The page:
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opinion | JOAN WICKERSHAM

Why ‘I didn’t want to worry you’ worries you

THE PHONE call came a week after my husband’s stepfather fell, and a day after he was released from the hospital. It was the first we’d heard about any of it. “He’s doing fine now,’’ my mother-in-law said. “Everything’s fine.’’ By that point, it was. But my husband and I wondered: Why hadn’t they called us earlier? He asked his mother. Anyone who has an aging parent, or who is an aging parent, can guess what she answered: “Because we didn’t want to worry you.’’

So many of my friends have had experiences like this, either as the parent or as the child. We find out after the fact that there’s been an illness, or an injury, or a series of scary diagnostic tests. Or we go through our own medical crisis and don’t tell our grown kids. Why does it go on, this strange minuet of omission and belated confession between parents and their adult children? Why don’t people just pick up the phone and tell each other what’s happening? (And I know that in some cultures, they do. The degree of candor or reticence can vary even within an individual family. I grew up with a father who kept secrets and a mother who told all; in a case of medical uncertainty my father believed in acting like it was nothing until you knew it was something, while my mother was sure it was something until it was proven to be nothing.)

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Sometimes “We didn’t want to worry you’’ means “We didn’t want to worry you unnecessarily.’’ The nature of the problem is unclear; the hospital is still running tests. Why share news when you don’t even know yet what the news is? You’re sparing others the anguish of uncertainty. And you are also sparing yourself the need to deal with other people’s uncertainty, at a time when you may not have a lot of emotional energy left over.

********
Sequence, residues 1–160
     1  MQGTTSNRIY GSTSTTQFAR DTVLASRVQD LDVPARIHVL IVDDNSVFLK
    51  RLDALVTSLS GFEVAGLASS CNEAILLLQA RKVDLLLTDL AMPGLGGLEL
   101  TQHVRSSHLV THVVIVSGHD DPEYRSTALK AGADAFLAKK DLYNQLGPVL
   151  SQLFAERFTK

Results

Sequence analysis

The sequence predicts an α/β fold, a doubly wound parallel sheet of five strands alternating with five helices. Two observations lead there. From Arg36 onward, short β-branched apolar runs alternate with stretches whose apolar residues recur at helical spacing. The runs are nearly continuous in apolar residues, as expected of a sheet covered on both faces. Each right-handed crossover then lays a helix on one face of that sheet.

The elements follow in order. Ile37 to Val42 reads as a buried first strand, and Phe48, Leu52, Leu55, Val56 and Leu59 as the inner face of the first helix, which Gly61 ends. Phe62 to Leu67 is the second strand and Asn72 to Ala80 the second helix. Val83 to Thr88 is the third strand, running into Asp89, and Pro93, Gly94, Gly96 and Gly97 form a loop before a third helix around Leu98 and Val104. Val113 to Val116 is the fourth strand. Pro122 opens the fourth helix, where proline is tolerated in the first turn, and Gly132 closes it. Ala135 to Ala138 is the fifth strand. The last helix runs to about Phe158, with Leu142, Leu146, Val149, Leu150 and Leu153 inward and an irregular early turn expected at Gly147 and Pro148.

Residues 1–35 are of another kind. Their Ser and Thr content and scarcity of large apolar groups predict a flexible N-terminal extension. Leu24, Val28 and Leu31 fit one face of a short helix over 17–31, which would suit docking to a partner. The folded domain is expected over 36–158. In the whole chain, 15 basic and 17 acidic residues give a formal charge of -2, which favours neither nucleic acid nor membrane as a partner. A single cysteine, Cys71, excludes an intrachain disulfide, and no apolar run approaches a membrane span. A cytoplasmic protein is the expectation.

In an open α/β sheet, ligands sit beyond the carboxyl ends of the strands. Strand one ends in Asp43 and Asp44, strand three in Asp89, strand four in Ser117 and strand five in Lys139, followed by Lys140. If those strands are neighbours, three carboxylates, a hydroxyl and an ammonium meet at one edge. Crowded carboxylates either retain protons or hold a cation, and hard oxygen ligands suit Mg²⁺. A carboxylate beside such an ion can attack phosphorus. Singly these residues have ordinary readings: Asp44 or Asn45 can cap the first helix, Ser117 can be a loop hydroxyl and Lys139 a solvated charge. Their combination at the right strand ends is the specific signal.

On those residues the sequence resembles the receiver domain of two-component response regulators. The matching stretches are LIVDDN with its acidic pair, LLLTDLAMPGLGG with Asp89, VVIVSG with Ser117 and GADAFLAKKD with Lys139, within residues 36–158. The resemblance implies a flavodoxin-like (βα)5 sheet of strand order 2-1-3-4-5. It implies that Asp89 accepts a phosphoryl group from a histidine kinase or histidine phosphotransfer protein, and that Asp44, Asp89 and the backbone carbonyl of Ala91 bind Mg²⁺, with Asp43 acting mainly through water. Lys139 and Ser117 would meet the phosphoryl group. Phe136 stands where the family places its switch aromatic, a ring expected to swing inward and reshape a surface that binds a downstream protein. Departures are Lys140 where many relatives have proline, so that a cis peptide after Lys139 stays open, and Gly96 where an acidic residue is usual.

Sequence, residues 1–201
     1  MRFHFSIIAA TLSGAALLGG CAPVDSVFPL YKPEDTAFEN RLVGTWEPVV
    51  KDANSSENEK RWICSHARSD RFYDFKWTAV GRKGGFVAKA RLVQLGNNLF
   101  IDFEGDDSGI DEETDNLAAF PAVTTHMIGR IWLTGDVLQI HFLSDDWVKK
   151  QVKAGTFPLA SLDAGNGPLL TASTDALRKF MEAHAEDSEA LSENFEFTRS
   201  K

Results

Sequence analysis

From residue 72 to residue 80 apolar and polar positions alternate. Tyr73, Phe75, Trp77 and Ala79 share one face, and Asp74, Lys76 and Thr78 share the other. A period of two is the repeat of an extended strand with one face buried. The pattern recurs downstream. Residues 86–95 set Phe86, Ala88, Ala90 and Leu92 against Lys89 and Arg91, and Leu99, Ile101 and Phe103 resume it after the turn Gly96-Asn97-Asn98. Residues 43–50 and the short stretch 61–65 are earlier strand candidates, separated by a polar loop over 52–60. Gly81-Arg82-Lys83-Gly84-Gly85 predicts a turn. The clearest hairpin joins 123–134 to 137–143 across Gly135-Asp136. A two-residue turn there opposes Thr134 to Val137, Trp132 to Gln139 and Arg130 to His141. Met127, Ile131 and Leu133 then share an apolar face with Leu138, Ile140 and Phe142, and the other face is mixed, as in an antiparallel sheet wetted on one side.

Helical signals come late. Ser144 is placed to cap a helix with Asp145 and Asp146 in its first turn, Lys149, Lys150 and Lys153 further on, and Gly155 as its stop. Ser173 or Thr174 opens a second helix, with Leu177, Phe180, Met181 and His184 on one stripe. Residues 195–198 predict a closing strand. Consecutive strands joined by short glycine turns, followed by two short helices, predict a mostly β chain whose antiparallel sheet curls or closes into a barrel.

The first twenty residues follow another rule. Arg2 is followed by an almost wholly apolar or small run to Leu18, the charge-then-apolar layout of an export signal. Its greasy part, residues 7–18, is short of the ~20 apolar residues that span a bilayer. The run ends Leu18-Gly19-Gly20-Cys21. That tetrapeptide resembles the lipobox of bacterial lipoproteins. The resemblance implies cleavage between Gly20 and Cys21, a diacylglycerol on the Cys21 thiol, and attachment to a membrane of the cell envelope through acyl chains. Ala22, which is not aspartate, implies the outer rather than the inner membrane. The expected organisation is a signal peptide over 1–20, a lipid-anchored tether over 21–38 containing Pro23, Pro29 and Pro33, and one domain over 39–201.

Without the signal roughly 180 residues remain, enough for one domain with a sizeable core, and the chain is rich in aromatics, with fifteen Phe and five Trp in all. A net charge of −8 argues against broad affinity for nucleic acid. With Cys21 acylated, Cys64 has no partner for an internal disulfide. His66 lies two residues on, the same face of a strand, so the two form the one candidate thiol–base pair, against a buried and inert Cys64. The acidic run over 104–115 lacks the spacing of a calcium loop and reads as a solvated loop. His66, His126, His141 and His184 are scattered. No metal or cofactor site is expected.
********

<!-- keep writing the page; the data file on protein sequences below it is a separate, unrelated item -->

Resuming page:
Even when the diagnosis is certain, there can be a reluctance to share it. A friend whose mother was reticent about the details after being diagnosed with pancreatic cancer told me, “I think my mother wanted to protect me from the pain of her dying. Because isn’t that what we all want as parents - to spare our children pain?’’

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But the biggest reason for the silence, I think, is that illness and aging shift the entire nature of the relationship between parent and child. As a psychiatrist friend said to me, “It’s a sudden change in the job description.’’ My in-laws are strong independent people who travel and work out in the gym, but they’re in their 80s, and they’ve seen older friends declining and needing to rely on their children. It must be pretty scary to pick up the phone and tell your kids that something is wrong. Even if that phone call doesn’t signify the beginning of a new stage of frailty and dependency, it reminds you that that stage may be approaching. Maybe it feels safer to soldier on and call your kids only when you are safely on the mend.

I have a friend who, in her 70s, is poignantly aware of the dilemmas of both parent and child. She is radiantly healthy, but she had bronchitis this winter, and her kids were watchful with her in a new way. In response, she found herself stubbornly asserting her independence. “They would call and ask if I needed anything, and I would say no. And then I would put on my coat and go out to the store,’’ she told me. “Which is crazy, because if they were sick, I’d be right there with chicken soup. Somehow when you’re the parent you just don’t want to be a burden.’’

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But her ambivalence about self-reliance and dependency reminds her of her experience caring for her father, who died just a few years ago. “He got to the point where he could only eat soft food, and he loved bananas. I’d ask if he needed anything, and he’d say no. But then when I got there, he’d say, ‘Did you bring bananas?’ I used to be so angry! But now,’’ she added, wistfully, “I wish I’d brought him more bananas.’’


Joan Wickersham’s column appears regularly in the Globe. Her website is www.joanwickersham.com.